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Oaktoberfest (Sort of…) and a Toast

A few years ago, one of our former conservators Elsa posted about the successful effort to disassemble the port gun carriage excavated from inside USS Monitor‘s gun turret. And last summer, Kate added a post about long-term efforts to stabilize the wooden internal components from the carriage.

One of my favorite pictures from the earlier posts shows former staff guru Gary hoisting an oak gun carriage side from the Wet Lab’s overhead crane for documentation and photography. Here it is in case you missed it:

Gary with his hard-earned trophy.

Kate is back at it again. She is in the midst of efforts to perform further mechanical cleaning of the oak sides in preparation for the removal of iron bolts that run through the wood. The bolts firmly hold together the massive oak timbers that form a large portion of each gun carriage. Here is a series of X-rays we produced that show the iron bolts overlaid on a copy of the original plans for the gun carriages:

Composite digital image of an oak gun carriage side.

Unfortunately the wrought iron bolts and oak timbers are highly incompatible when it comes to our ongoing treatment method and these components must be separated for individual treatment followed by reassembly.

This morning Kate hoisted an oak gun carriage side from its desalination tank in preparation for a round of deconcretion and mechanical cleaning. I climbed the ladder above the treatment tank and took a series of pictures of Kate using the overhead crane to move the oak timbers to a treatment platform in another area of the Wet Lab. And yes, that is indeed a remote control for our overhead crane. Pretty cool, right?!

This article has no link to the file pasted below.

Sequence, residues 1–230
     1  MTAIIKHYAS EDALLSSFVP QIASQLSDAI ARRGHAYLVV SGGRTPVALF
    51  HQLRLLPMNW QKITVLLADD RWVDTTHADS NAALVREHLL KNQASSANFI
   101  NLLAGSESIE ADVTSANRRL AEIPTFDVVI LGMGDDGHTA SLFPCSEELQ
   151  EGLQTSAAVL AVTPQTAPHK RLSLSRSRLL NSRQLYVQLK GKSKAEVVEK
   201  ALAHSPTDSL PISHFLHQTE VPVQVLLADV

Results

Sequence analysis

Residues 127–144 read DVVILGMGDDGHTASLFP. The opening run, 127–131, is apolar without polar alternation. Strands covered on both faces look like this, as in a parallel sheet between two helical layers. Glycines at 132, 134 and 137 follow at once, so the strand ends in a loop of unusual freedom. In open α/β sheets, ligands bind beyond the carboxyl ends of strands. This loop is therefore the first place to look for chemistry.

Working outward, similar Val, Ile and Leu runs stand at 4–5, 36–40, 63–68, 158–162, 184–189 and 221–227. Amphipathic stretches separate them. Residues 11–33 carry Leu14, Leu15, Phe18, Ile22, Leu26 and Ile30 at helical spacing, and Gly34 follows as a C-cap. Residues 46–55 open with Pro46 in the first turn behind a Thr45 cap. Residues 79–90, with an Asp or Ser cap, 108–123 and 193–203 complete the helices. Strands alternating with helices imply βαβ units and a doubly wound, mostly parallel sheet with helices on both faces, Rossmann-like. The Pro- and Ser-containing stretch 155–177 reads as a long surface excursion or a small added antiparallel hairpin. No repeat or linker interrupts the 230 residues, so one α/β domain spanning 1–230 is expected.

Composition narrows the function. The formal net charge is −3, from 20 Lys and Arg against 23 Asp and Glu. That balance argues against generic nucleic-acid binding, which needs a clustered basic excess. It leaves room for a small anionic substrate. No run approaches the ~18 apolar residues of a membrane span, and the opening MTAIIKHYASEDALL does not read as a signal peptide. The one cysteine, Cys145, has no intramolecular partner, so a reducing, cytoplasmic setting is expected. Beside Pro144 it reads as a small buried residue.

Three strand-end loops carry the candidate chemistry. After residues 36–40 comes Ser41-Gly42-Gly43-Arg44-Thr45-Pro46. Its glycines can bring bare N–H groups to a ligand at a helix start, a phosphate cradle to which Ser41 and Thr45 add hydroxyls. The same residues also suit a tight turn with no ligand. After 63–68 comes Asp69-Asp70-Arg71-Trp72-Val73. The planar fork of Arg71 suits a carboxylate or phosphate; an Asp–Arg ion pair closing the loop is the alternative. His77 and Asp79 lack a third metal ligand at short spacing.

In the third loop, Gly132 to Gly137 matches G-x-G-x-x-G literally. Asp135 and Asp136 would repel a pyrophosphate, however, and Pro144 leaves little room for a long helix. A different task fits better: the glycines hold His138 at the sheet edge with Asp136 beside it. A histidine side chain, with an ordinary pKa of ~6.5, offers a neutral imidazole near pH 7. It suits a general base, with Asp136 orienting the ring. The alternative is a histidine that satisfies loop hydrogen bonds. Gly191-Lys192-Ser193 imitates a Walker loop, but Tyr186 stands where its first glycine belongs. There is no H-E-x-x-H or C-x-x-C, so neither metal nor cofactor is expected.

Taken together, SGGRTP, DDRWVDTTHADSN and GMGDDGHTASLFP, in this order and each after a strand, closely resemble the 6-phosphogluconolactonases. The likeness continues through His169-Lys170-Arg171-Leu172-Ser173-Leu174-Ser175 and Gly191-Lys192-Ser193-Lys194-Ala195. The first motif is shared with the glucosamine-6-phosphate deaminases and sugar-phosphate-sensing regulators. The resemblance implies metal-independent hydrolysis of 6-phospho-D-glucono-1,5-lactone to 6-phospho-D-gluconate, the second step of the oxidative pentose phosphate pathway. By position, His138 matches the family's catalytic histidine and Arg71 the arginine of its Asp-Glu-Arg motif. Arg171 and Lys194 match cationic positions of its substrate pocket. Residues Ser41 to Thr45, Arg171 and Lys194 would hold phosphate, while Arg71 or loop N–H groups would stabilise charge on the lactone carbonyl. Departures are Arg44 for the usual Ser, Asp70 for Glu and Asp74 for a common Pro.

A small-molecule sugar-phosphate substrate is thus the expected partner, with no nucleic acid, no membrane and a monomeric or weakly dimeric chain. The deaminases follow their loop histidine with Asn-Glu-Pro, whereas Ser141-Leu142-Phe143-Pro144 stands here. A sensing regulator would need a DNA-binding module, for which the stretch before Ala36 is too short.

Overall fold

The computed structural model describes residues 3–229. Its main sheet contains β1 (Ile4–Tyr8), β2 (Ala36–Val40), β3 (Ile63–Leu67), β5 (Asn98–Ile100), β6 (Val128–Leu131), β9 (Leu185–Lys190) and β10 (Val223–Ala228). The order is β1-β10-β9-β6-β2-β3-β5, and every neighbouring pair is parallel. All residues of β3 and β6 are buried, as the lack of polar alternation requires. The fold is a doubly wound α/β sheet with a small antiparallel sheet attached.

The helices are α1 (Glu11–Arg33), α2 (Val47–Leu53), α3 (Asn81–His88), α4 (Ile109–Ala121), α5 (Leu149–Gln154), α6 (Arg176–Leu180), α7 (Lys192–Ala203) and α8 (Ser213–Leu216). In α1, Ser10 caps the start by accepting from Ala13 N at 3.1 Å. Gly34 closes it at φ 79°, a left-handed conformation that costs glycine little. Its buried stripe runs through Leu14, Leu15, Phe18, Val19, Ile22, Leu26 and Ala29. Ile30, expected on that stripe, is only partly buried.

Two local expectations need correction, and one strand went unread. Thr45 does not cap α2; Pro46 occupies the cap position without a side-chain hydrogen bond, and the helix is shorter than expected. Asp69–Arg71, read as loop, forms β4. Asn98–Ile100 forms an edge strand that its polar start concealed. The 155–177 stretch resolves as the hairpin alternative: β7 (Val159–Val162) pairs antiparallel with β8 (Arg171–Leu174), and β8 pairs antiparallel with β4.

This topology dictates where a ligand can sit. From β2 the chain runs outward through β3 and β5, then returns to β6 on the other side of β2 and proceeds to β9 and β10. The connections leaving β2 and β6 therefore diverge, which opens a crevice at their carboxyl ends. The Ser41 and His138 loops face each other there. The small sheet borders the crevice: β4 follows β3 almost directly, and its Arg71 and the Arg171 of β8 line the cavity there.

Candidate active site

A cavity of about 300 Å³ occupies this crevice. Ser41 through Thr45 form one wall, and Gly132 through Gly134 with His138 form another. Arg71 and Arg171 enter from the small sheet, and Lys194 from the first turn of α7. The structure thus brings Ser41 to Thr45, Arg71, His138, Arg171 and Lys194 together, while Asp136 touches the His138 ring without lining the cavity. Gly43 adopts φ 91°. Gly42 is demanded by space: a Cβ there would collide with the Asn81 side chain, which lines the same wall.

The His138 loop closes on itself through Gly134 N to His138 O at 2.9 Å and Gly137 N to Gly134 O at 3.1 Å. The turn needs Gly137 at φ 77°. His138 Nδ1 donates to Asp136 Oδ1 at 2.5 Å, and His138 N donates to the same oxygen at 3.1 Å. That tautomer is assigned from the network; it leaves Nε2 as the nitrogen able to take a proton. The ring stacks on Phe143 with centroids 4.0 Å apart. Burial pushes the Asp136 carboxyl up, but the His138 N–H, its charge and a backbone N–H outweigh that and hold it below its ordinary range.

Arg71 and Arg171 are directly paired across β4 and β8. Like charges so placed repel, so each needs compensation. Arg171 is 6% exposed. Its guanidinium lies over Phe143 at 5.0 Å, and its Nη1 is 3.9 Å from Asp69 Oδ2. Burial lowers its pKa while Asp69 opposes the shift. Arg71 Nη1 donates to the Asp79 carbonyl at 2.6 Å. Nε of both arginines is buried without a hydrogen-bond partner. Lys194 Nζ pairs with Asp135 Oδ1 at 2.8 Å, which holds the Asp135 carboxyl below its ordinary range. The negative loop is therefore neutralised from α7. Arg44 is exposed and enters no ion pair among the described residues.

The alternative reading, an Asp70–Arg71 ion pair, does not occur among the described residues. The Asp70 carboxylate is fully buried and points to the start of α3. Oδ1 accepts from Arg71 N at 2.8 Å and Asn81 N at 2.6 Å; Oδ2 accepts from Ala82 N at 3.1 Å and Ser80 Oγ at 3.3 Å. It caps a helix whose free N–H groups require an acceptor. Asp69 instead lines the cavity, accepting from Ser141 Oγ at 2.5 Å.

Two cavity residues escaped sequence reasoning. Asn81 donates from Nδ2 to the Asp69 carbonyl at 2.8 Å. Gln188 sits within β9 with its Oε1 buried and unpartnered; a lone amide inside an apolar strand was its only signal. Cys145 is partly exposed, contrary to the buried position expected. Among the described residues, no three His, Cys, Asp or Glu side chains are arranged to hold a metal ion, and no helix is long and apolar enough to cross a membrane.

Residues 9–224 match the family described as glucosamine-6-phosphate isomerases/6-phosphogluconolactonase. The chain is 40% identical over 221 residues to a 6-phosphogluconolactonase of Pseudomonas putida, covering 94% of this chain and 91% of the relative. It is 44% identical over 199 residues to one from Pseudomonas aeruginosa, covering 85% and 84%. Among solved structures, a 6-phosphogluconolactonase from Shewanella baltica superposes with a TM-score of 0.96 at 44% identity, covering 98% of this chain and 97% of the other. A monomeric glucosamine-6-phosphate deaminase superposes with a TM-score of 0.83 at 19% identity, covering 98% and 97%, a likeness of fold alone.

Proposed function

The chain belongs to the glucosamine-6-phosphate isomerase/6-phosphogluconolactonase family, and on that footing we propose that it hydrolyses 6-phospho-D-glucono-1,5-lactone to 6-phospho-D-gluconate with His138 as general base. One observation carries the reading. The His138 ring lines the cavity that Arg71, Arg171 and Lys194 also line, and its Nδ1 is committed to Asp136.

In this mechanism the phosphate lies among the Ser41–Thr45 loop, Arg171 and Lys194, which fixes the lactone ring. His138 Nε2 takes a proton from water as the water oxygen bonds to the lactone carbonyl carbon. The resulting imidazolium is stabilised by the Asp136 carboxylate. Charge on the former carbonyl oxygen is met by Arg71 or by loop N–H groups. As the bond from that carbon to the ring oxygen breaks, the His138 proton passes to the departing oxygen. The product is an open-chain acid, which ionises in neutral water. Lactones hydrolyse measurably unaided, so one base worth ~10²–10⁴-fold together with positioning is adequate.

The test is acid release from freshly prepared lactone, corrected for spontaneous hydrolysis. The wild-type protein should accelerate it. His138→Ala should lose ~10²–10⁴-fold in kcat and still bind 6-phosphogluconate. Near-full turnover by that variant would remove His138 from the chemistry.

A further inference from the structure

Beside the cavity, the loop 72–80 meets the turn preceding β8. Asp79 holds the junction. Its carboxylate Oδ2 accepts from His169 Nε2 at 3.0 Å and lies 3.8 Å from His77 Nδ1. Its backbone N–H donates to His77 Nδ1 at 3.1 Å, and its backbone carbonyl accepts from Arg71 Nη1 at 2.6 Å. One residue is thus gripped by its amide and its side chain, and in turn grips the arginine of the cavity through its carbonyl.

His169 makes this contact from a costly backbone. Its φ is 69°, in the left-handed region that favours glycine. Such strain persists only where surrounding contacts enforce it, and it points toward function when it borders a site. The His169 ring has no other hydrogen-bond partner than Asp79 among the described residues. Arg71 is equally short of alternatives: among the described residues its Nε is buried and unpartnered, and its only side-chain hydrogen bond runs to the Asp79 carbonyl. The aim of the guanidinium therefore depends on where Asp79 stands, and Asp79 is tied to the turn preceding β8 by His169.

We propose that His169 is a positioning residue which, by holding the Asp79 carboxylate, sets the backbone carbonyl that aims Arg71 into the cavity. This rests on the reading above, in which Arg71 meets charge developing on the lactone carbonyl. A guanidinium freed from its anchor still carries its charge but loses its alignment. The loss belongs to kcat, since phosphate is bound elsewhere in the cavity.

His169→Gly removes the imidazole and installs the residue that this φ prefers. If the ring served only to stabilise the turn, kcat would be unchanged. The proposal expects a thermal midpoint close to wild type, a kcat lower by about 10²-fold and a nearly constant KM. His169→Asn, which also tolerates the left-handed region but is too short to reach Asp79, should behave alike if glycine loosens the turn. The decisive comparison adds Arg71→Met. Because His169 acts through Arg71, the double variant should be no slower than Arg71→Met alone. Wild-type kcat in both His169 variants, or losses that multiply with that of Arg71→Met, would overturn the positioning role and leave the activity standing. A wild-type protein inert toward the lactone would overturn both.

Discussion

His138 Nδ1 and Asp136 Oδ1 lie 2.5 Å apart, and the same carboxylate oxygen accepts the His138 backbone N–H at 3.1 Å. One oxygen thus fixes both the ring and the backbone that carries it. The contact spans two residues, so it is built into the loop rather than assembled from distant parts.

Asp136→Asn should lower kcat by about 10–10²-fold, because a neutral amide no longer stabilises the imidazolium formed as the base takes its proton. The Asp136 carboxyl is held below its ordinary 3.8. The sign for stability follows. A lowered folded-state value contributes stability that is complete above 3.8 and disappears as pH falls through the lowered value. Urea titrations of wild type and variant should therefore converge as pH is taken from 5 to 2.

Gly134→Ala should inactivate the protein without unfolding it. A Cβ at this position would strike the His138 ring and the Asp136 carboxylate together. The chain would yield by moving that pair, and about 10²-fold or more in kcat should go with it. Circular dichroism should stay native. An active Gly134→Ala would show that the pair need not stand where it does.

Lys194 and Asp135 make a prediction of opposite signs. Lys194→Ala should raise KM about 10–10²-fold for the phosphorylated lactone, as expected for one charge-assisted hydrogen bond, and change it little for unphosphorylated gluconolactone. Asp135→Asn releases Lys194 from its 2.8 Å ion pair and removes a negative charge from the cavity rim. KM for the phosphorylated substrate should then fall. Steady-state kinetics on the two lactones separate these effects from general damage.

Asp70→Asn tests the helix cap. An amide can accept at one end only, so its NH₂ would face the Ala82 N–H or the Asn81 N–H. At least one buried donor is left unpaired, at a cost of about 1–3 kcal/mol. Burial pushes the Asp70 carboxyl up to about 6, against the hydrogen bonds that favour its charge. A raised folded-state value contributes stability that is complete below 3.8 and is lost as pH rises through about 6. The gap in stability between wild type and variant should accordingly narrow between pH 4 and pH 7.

Kate lowering the remote-controlled 5-ton crane hoist.
Kate rigging the hoist to the oak gun carriage side support platform.
Kate slowly lifting the oak gun carriage side above its stainless steel treatment tank.
Kate sizing up her next move with the crane. She’s in the zone.
Kate with the oak gun carriage side fully removed from its treatment tank.

The last picture is my favorite. Kate is an extremely positive and pleasant person at all times. But she made it quite clear without saying a single word that I needed to put down my silly camera, get out of her way, and find something useful to do!

So please join me in a toast on this “Oaktoberfest” in July to celebrate all the honest, industrious, no-nonsense marine archaeological conservators past, present, and future who have and will make a difference in the long-term fate of the amazing collection of artifacts recovered from USS Monitor!

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